In this ever-changing sales environment, it is clear that online retailing will play a bigger part in the retailer group routes to market. Online is fast paced and pricing trends and demand patterns can swiftly alter the type of promotion and stock required to attract new business. Realtime retail driven insight is the best way to remain competitive and in line with the competition, specifically during a period when price increases will bring enhanced profit opportunities. Antiquated wholesale data based on human decision cannot identify these nuances either accurately or quickly enough.

Cazana joins Wayra’s Intelligent Mobility Programme 2020

Disruptive AI start-up is delighted to announce they have been chosen as a cohort in Wayra’s Intelligent Mobility Programme 2020. This programme is a partnership between Connected Places Catapult and Wayra UK and is designed to attract disruptive start-ups with high-growth potential into the UK transport supply chain, while helping them grow into world-leading companies.

Cazana’s success at being included in this programme reflects the evolving motor industry, which in the wake of Covid-19 and concerns over manufacturing is looking to the latest technology to boost growth in the near future.

Cazana’s Head of Commercial, Tom Lawrie-Fussey commented: 

“This is a time of revolution in the motor industry and we’re incredibly excited to be included in this programme and can’t wait to see what opportunities it’s going to bring. Even in these challenging times we are growing and Covid-19 has allowed us to showcase the importance of working with realtime retail data as opposed to the old school way of opinion and bias!” 

2019 was a huge year for Cazana who more than doubled their London team and started the year with a successful crowdfunding campaign. Cazana raised £1.56m on the crowdfunding platform Crowdcube. In the last 6 months, Cazana has also picked up two awards for their SAAS product Cazana Companion winning Best Product or Service in Auto Finance at the International Asset Finance Network Awards 2019 (in December) and receiving the highly commended award for Best New Product or Service at this year’s AM Awards.  

Used Car Pricing During Lockdown 2020

The lockdown period has been a very difficult time for the UK automotive industry, and it is important to understand exactly what happened during the closure of retailer premises. Whilst sales levels dropped by around 80% there was still online sales activity and the retail consumer was still there to buy new and used vehicles. This necessitated a new approach to customer interaction which has relied on digital communication, virtual showrooms and online sales processing.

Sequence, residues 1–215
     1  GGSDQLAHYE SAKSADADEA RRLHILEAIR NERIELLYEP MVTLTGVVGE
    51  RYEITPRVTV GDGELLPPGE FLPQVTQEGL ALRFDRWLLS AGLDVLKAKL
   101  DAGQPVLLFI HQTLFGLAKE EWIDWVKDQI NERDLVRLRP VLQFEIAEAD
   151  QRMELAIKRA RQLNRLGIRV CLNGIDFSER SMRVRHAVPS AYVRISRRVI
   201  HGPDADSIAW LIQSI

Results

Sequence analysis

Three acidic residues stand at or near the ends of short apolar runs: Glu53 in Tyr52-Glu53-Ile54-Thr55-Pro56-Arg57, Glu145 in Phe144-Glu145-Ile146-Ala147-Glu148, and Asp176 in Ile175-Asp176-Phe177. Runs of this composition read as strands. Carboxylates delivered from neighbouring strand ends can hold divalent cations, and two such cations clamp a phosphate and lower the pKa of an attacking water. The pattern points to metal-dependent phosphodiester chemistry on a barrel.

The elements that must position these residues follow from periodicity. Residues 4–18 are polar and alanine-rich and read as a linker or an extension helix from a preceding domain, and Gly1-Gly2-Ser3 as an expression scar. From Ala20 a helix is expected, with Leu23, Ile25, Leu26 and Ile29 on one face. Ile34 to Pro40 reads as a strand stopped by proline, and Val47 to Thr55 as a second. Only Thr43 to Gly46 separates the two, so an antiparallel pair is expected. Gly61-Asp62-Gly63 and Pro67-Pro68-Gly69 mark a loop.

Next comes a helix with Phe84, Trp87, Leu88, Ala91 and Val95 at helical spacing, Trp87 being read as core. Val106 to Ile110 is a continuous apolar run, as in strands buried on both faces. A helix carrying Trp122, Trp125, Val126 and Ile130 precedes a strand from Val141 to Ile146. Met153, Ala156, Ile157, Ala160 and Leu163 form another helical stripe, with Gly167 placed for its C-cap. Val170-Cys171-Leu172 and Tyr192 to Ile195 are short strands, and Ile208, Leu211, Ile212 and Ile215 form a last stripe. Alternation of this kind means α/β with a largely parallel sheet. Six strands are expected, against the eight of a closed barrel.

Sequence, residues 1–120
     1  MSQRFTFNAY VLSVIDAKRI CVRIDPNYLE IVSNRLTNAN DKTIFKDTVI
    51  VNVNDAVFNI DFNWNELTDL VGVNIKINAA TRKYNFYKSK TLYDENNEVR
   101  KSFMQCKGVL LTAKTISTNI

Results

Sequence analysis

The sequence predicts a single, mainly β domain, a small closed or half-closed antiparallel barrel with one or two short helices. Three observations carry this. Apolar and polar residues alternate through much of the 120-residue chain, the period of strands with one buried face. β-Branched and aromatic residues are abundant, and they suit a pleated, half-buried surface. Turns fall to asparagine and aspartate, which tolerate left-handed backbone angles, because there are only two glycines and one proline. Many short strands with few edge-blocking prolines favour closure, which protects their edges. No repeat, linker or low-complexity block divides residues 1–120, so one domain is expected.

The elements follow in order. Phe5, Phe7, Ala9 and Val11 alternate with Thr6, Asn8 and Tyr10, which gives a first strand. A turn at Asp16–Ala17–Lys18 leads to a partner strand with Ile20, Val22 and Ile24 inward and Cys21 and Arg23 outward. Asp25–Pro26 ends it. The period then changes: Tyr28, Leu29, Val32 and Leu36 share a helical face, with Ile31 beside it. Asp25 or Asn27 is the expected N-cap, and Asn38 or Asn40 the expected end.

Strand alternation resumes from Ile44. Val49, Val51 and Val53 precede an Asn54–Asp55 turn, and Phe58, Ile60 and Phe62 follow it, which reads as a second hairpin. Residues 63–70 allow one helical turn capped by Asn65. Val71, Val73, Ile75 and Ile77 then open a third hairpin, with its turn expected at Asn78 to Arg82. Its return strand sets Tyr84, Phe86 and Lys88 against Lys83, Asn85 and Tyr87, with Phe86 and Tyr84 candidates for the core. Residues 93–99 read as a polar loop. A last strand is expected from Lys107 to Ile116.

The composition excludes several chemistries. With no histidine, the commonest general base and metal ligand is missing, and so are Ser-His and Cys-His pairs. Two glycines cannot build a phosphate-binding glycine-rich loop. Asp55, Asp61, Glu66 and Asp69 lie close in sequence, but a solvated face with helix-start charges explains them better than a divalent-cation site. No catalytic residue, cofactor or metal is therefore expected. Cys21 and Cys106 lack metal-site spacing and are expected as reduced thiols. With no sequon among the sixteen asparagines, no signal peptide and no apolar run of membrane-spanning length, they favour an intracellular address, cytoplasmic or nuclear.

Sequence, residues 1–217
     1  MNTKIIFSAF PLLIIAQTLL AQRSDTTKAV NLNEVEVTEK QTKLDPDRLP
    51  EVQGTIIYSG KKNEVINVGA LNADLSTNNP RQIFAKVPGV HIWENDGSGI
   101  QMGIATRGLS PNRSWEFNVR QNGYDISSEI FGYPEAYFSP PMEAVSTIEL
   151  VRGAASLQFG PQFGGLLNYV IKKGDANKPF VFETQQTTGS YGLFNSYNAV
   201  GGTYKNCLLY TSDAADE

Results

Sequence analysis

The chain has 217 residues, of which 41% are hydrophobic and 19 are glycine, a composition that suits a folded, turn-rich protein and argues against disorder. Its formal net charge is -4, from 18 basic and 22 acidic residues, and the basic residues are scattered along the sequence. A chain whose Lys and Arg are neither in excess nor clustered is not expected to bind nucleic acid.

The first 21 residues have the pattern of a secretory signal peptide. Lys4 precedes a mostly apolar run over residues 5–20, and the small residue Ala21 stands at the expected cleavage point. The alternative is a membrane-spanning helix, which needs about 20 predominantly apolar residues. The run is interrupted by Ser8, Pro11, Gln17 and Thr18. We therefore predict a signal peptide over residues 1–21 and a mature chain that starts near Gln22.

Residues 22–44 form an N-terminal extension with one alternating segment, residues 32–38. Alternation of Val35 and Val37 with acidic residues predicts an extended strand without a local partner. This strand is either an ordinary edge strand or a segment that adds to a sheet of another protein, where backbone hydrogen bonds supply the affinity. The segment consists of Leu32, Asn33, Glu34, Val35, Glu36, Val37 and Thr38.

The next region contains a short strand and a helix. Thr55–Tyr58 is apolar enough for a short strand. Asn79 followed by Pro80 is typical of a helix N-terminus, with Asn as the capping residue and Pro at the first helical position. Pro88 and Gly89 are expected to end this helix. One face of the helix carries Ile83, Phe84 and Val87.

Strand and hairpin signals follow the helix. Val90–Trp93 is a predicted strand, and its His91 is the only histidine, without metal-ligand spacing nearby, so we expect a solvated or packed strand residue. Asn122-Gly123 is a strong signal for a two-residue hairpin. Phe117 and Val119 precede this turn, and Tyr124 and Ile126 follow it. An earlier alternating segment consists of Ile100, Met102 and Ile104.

With wholesale activity almost completely halted and auctions halls dormant, the only way to understand what happened is to look at retail driven realtime insight. The chart below looks at the retail price movements by percentage by fuel type from March 23rd through until May 25th:-


Data powered by Cazana

This chart clearly shows that at a high level for all but diesel-powered cars, retail pricing has increased over the lockdown period. Looking at the data more deeply, it is clear that the price decline for diesel product came in the high mileage ex-fleet vehicle profile. When pricing moves upwards like this it can be an indication that there is good consumer demand and perhaps a shortage of stock. Given that transactions have been taking place over the course of the lockdown period it would be wise to acknowledge that generally speaking stock levels have been dropping and on that basis, there will be encouraging wholesale demand as the auctions start to do business again.

The issue lies in the fact that the auction and logistics supply chain could take 4 to 6 weeks to get up to speed. Transporters are out of place and cars are with dealers or customers and all need moving to the right place to be prepared for sale. With so many vehicle movements required and the need for effective safety to be in place and enough PPE to be available, there are many challenges. There are only so many vehicles that can be moved in one day with a higher level of safety requirements in play.

The next chart looks at the market from an age and profile perspective and gives more context to high level market movements over the same period:-